It’s ironic to me when I run up against the reluctance for professionals to share their knowledge in their respective fields. Maybe it’s the present economic issues that feeds a wary regard of someone wanting to break into their field, or it’s just plain selfish desire to be the one and only or one of just a few rather than one of many good ones. I guess the pie isn’t big enough for everybody.
When I was showing horses I was always amused at the comments about a good horse always winning or you can’t beat that one. To me, the better they are, the better I need to get in order to compete. And if I had the best one I always wanted other best ones in there to raise the bar so to speak. So it wasn’t a one horse show.
Years ago I learned a prominent artist in my field took a swipe at my work through the ears of a youth. My young son got an ear full while was attending an exhibit of my work at a national horse event. We were there for a ten days so this kid was bored to tears. Although he was cooperative to a point, as long as the money flowed for sampling various foods at the event, I had a relatively happy camper.
As he was munching his way through the commercial exhibits, he stopped to view a prominent artist’s work. He asked the artist about her work, and as she was describing what she was doing, he asked her what she thought of my work. Quick to criticize my handling of the surfaces of my pieces, my son came back to report on his findings. I was piqued by the lack of positive input by that artist, not by the content, it’s her personal opinion, but by the relative ease by which she critiqued my work to a ten year old kid. The message being her work was better and mine was well deficient. As a professional I was amused by the comment, but if it wasn’t for the messenger who delivered it to me, a youth.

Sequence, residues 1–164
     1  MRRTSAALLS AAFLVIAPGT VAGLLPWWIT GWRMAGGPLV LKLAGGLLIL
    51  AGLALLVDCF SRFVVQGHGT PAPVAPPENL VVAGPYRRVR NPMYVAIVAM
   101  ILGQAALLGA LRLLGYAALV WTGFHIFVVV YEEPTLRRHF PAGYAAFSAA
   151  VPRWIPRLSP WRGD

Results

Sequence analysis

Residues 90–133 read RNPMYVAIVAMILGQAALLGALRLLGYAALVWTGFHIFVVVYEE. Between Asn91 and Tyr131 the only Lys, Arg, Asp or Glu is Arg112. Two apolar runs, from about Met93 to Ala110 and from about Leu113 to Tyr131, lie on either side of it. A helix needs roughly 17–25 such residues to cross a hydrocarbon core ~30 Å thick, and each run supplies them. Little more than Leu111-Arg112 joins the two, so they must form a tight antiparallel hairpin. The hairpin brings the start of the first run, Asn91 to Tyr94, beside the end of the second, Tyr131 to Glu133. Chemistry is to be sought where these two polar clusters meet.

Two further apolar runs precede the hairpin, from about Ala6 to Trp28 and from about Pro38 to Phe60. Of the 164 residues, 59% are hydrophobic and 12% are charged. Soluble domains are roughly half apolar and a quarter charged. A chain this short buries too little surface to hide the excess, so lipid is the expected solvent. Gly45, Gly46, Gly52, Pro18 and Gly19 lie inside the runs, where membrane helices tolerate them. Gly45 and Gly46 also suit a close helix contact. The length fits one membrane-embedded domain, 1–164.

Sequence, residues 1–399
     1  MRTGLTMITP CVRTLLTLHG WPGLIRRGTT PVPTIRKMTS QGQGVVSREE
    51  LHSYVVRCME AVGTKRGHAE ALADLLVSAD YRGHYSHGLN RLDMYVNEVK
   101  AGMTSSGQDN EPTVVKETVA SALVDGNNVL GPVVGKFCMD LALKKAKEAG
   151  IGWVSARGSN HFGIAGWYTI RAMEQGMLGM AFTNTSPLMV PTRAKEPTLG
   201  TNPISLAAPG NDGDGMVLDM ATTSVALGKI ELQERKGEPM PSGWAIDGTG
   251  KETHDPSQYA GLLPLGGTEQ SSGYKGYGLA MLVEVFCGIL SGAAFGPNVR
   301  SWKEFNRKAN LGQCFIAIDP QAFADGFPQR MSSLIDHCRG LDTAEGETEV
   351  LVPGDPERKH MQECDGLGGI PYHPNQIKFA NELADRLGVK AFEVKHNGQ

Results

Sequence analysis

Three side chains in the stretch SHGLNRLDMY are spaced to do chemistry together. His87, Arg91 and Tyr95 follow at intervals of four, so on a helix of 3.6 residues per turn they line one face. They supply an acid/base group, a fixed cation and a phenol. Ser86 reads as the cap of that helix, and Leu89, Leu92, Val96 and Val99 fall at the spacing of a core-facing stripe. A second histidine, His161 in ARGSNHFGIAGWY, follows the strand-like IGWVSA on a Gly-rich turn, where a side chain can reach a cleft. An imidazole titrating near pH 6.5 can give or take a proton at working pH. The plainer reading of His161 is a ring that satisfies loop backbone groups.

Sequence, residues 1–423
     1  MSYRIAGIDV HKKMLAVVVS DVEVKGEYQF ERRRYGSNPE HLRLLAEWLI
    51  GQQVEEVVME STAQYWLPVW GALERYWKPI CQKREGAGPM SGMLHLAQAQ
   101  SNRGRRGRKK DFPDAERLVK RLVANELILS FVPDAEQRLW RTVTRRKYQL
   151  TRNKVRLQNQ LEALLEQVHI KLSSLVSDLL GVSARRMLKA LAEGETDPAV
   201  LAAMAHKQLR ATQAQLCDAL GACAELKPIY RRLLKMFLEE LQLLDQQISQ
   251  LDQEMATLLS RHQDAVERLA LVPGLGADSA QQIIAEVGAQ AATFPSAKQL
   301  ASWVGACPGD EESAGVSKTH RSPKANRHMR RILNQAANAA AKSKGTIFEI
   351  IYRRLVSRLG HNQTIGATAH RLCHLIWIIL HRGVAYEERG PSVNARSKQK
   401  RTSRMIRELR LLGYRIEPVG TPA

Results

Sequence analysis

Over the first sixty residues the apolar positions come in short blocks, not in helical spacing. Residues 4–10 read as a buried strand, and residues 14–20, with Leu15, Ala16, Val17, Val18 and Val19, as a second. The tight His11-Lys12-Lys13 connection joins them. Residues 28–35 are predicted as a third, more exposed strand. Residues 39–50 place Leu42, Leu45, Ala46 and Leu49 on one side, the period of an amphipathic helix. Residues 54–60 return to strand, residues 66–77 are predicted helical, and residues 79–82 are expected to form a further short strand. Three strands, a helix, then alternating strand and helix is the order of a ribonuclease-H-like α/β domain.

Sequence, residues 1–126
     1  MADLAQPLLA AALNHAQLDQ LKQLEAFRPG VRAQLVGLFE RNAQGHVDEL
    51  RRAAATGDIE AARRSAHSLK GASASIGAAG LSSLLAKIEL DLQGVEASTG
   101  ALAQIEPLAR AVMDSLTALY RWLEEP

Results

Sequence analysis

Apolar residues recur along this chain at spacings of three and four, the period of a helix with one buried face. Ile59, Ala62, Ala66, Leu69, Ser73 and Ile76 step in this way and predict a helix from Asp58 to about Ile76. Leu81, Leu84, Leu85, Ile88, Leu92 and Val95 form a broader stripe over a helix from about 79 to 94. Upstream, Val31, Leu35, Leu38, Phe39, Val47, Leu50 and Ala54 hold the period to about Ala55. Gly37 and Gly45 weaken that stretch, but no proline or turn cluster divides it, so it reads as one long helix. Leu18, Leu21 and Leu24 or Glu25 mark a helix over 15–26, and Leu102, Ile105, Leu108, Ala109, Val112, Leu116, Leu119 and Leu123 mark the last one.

I watched a large youth group this past weekend in Indiana judge horses. Imagine my surprise when I walked into the coliseum and saw the entire ring filled with youth kids. Thank goodness the kids are still latching onto their passion. While the adults are commiserating about the lack of business and the future is blighted by the ever rising cost of maintaining a horse, these kids got up early, really early to participate in this learning event. And their parents drove them there and are supporting their interest.
This is the future for our horses. Through these kids we can only hope they have the passion to continue what we as horse people have been doing our entire lives. I’ve queried people on many occasions as to what the horse means to them. Not a scientific study of course but most of the answers I get are a muddled response to their feelings about them. I’m somewhat flummoxed by the lack of recognition of the historical importance of our history with the now and what we as humans can expect from our relationship with horses in the future.
And to go back to the stingy pie hoarding behavior; shame on the professionals who I’ve rubbed pretty hard to try to get them to share their experience and opportunity for the future of our horses. There’s enough room for everyone or there’s not going to be a room if excluding the passionate interest of these young folks for the sake of their own pocketbooks or ego.